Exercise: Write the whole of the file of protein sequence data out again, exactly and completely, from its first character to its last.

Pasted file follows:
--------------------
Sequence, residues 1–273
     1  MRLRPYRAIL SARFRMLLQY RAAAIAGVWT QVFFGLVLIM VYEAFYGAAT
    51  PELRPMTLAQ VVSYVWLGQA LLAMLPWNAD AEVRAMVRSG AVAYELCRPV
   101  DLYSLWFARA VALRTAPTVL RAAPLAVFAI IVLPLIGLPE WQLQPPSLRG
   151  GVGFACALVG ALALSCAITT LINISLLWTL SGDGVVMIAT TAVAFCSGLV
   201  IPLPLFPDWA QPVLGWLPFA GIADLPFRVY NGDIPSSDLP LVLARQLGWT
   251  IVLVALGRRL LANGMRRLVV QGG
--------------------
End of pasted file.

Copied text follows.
Sequence, residues 1–273
     1  MRLRPYRAIL SARFRMLLQY RAAAIAGVWT QVFFGLVLIM VYEAFYGAAT
    51  PELRPMTLAQ VVSYVWLGQA LLAMLPWNAD AEVRAMVRSG AVAYELCRPV
   101  DLYSLWFARA VALRTAPTVL RAAPLAVFAI IVLPLIGLPE WQLQPPSLRG
   151  GVGFACALVG ALALSCAITT LINISLLWTL SGDGVVMIAT TAVAFCSGLV
   201  IPLPLFPDWA QPVLGWLPFA GIADLPFRVY NGDIPSSDLP LVLARQLGWT
   251  IVLVALGRRL LANGMRRLVV QGG